More than 70% of these nature-rich sites were found to be worth more in net economic benefits to people if they were left as natural habitats, and all forested sites were worth more with the trees left standing, according to the paper, published in Nature Sustainability. This suggests that even if people were only interested in money – and not nature – conserving these habitats still makes financial sense. Jerri-Lynn here: my emphasis.

The senior author of the research expanded on and reinforced that point in a University of Cambridge press release, Economic benefits of protecting nature now outweigh those of exploiting it:

Andrew Balmford, Professor of Conservation Science at Cambridge and senior author of the research, said: “Current rates of habitat conversion are driving a species extinction crisis unlike anything in human history.”

“Even if you are only interested in dollars and cents, we can see that conserving and restoring nature is now very often the best bet for human prosperity. The findings echo at an operational scale the overall conclusions drawn by the Dasgupta Review,” he said.

The study’s lead author cautioned against surrendering to potential biases when analysing the question.From the Guardian:

The study’s lead author, Dr Richard Bradbury, head of environmental research at the RSPB and an honorary fellow at Cambridge University, said: “As a conservation scientist at RSPB, you have to be acutely aware of your potential prejudices and be as neutral as possible in the analysis. Yet I was still surprised at how strongly the results favoured conservation and restoration.”

Now, this study is certainly important, especially if policy makers are making decisions according to a spurious trade-off, which doesn’t value conservation or restoration properly.  But there’s also a danger of over-reliance  on the putative economic benefits as sole rationale for following sound conservation-focused land management policies.  One big challenge that must be faced in trying to work our way out of the environmental mess in which we are trapped is in thinking what we should be doing isn’t  going to require draconian restructuring and impose wrenching costs. We cannot just keep bumbling along.

This latest study seems to suggest we can have our conservation cake and eat our economic benefit too, and I think that just might be a bit too good to be true.

Another point the  makes is that economic development – as opposed to leaving land as is – is often heavy subsidized. Such is the case for much farmland conversion, which is often not economically viable without being propped up by public support. So, when the costs of public subsidy are considered, the conservation option is even more attractive.

Or, in a less straightforward situation, where a habitat requires some restoration, the case for dedicating public funds to that goal rather than to farm subsidies might be more compelling. Lead author Bradbury noted in the University of Cambridge press release:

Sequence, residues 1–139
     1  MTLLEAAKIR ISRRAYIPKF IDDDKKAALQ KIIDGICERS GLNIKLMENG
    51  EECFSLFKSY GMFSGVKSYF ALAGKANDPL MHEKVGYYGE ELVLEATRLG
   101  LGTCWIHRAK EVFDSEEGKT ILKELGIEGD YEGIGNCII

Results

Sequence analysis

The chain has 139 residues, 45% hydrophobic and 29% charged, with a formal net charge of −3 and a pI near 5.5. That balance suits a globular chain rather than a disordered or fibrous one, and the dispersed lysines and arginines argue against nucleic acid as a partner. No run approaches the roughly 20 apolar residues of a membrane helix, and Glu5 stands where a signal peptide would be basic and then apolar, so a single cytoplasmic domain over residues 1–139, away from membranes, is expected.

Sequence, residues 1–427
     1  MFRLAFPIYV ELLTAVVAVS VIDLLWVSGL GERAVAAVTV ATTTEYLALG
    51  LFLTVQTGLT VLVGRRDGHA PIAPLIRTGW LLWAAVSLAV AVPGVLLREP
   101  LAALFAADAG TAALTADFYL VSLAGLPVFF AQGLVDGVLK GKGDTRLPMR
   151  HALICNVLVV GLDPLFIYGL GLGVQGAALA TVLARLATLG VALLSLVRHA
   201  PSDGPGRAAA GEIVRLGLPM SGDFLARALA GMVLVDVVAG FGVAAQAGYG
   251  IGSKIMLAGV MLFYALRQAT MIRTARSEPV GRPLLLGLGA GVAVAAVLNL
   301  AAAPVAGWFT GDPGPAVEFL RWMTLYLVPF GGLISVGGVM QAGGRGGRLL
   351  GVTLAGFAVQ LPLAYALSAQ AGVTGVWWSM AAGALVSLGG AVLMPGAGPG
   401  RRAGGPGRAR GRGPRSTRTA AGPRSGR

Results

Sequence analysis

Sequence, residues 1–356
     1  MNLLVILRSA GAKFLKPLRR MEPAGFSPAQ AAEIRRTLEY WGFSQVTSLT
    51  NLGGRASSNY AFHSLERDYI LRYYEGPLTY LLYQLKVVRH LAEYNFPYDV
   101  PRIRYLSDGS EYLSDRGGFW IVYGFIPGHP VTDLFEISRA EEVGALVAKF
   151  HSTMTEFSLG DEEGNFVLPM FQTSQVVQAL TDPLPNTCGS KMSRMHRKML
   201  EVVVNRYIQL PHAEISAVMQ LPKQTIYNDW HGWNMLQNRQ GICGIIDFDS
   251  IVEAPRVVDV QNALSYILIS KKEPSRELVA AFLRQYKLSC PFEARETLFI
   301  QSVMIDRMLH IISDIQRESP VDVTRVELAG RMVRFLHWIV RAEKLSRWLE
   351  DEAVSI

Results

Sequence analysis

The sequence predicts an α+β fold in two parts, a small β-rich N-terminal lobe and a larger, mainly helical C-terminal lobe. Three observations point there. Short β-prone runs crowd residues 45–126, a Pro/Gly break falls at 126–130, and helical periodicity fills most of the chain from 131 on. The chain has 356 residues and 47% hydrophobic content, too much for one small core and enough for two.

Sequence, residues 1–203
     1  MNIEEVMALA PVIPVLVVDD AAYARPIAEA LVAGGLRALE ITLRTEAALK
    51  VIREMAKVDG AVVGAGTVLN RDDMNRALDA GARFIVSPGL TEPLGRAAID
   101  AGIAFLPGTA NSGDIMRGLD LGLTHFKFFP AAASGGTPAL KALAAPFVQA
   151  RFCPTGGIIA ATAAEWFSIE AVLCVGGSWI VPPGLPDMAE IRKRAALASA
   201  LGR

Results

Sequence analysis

“We need nature-related financial disclosure, and incentives for nature-focused land management, whether through taxes and regulation or subsidies for ecosystem services.”

A couple of further points, also from the Guardian:

This analysis assumes that carbon is properly accounted for, but even without taking into account the value of carbon, natural sites are still more valuable 42% of the time when left as they are. Dr Kelvin Peh, of Southampton University, a co-author of the study, said: “People mainly exploit nature to derive financial benefits. Yet in almost half of the cases we studied, human-induced exploitation subtracted rather than increased economic value.”

The study’s authors are careful to note that their work does not suggest we should abandon all forms of development:

The authors insist that their study should not be used to argue for widespread abandonment of human-dominated landscapes, but said it shows there are lessons to learn about the way we treat natural capital. “We dismiss the flow of services that aren’t easily captured on markets at our peril,” said Bradbury. “As much as I’d like the world to work in a different way, people make economic decisions on the basis of information like this.”

Yet, the bottom line seems clear: policymakers should recognise that conservation produces economic benefits. As per the University of Cambridge press release:

Study co-author Anne-Sophie Pellier from BirdLife International added: “Our results add to evidence that conserving and restoring key biodiversity areas makes sense not only to safeguard our natural heritage, but also by providing wider economic benefits to society.”

Much to mull here; I must reflect on this study further.



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  1. The Rev Kev

    I thought of another case of a good reason for letting nature be. Back in 2005, Hurricane Katrina devastated New Orleans and it came out later that one reason was wetlands. New Orleans used to be surrounded by a belt of wetlands which absorbed a lot of the impact of hurricanes as they hit this area. But then the siren song of development was heard and a lot of these wetland were destroyed to be put to commercial use. So when the big one ht in 2005, the city got hit by the full force of that hurricane-